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Colonial era school building in Sorsogon replaced by a green structure

A dilapidated, over a century-old Gabaldon school building constructed during the American colonial era in Sorsogon City was torn down recently. Replacing the run-down, ancient structure was a two-story building constructed at the height of the pandemic.

The new Basud Elementary School building in Sorsogon City complies with the requirements set by the Department of Education for a green school.

Joji Buelvo, 52, principal of the school said that the new building was a great gift to their 570 learners and 20 teachers. Buelvo thanked SM Foundation for sponsoring the construction.

“This will fight the pandemic and the children will be inspired to learn more. The donations given by the SM will help the students and the modular distance learning as 10 units of laptops, organ, books, 570 school supplies, with school bags, school materials were given,” she said during the turnover ceremony last January 8.

GREEN SCHOOL. A classroom in the new 2-story school building of Basud Elementary School in Sorsogon City.

Rhaydz Barcia/Rappler

She said that before COVID-19 pandemic, intermediate classes were held in old, run-down classrooms where the ceilings were deformed and the roof dripping during rainy days.

“Classrooms were no longer conducive for learning and risky. Now with these 2-storey fully furnished classrooms come face to face mode of teaching. Our learners will be surprised by this gift of learning,” the principal said.

 The inauguration of the building, said Buelvo, was timely because it came at the beginning for the new normal teaching and learning environment due to the pandemic.

“We are overwhelmed that from the many schools in Sorsogon our school was chosen. This partnership is a great support in the DepEd’s dream of providing classrooms conducive to learning,” she said.  

Juris Soliman, project director of SM Foundation, said that the school structure was built at a cost of more than P5 million. Included in that amount were the equipment their group supplied the school

Each of the 4 classrooms has its own toilet and washing area with a pump.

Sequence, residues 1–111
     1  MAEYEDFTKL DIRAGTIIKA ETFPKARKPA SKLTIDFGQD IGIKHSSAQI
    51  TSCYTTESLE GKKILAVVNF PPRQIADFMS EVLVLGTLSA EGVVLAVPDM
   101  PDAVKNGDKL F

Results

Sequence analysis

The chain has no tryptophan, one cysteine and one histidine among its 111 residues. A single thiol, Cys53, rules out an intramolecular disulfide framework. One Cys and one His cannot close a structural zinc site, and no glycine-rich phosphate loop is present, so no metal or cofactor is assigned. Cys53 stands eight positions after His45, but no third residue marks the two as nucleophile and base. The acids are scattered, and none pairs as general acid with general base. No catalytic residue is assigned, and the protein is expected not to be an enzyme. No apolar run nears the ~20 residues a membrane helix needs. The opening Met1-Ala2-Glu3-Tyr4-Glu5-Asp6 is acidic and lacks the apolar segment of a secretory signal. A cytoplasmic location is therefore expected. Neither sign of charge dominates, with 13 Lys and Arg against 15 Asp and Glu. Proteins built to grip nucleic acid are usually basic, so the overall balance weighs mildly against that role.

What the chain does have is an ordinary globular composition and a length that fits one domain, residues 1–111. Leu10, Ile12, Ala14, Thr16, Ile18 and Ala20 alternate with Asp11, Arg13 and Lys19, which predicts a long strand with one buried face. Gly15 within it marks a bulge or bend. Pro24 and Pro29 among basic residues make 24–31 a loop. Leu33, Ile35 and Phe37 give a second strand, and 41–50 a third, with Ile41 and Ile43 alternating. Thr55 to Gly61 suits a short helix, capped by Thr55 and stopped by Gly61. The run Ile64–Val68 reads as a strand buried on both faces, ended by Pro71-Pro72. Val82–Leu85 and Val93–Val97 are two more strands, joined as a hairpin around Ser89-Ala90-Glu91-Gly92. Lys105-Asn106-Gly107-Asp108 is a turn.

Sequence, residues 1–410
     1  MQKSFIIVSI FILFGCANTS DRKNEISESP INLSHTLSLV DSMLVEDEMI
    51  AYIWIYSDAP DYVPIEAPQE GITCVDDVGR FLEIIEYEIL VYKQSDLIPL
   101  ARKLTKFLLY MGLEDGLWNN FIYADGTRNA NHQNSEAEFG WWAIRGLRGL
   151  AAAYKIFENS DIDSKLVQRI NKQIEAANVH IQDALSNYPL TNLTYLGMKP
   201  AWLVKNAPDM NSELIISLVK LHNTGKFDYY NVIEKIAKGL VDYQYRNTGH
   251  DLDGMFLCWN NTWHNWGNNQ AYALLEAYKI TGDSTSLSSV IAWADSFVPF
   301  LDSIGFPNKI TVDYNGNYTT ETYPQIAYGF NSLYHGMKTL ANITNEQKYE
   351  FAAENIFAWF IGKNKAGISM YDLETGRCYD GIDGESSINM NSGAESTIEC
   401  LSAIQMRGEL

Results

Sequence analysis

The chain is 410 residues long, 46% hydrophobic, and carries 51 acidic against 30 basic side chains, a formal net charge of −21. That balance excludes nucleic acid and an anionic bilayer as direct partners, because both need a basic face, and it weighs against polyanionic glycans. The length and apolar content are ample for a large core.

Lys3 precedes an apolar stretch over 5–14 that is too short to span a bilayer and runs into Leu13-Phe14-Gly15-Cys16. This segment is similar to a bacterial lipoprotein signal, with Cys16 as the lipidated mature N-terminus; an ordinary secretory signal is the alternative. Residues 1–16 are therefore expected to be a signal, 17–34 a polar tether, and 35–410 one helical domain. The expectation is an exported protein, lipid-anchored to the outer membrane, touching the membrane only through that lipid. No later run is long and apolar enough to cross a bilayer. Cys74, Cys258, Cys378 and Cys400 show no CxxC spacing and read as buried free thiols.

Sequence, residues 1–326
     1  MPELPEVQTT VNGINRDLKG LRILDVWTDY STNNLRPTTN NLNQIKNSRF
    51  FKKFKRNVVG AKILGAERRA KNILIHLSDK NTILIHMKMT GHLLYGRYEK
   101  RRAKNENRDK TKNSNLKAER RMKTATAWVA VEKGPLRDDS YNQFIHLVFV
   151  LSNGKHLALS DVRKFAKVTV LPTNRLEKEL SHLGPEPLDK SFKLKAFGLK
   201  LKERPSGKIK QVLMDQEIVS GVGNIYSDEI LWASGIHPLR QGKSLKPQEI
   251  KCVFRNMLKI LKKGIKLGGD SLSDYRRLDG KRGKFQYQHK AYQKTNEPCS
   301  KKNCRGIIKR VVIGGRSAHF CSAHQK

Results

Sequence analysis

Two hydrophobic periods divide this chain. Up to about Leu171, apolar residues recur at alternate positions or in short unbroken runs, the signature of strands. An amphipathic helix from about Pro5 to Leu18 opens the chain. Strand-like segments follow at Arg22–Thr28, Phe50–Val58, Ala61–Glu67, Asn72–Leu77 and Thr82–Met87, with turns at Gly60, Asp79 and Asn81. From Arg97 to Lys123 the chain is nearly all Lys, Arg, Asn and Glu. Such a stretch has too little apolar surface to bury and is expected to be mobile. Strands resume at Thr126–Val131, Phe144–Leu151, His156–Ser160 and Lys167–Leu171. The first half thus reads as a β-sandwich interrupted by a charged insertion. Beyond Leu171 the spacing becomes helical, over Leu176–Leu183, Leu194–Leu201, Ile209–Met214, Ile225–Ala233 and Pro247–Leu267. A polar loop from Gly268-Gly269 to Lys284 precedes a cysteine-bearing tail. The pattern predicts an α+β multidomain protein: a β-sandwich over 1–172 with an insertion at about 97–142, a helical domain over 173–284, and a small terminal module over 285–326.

“This is the best school with a guidance room, mini library, clinic and science room. For students can read during breaks,” said Soliman.

Basud Elementary School was chosen among the 5 schools recommended to the foundation, said Soliman.

 The new building also has a PWD ramp leading to a spacious (PWD) washroom with handrails, flush toilets, and wash basins. A long concrete tiled bench has also been added for the comfort of the PWD.

Each classroom has an allocation of 5 chairs for left-handed pupils, or a total of 20 out of 200 armchairs here. The school also has 16 wall fans, 8 whiteboards, 4 sets of teacher’s desks and 4 wall clocks

Shelves made for the teachers’ room and the guidance office, and a weighing scale were donated for the clinic isolation room. The school building is also equipped with emergency lights at the landings of both staircases. A fire and earthquake alarm bell were also installed in the building.

The school's facilities are aligned with United Nations-Sustainable Development Goals (SDGs). A brand new, ten-faucet facility for washing hands was also installed at the side of the building. There is also a study garden (a green space) with concrete benches and tables.   

Other donations to Basud Elementary School included 10 laptops from SGB and Company and school supplies.

Basud Elementary School was founded in June, 1919 on a 16,425 square meter land area at Barangay Basud in this city. It serves an average of more than 50 pupils per class, with a continuously increasing learner population from neighboring barangays and other places. It has a total of 24 classrooms.

Basud ES is considered as a medium sized school with 550 pupils in the 2019-2020 school year. This year at least 570 were enrolled.

Half of the pupils come from families of farmers selling crops, rice, fruits, and vegetable produce, coconuts and native kakanins and viands. Only 30% are from government and private employees, while 20% are OFW families.

“I hope this will encourage the students to study harder,” Ryan C. Servano, SM assistant mall manager said. –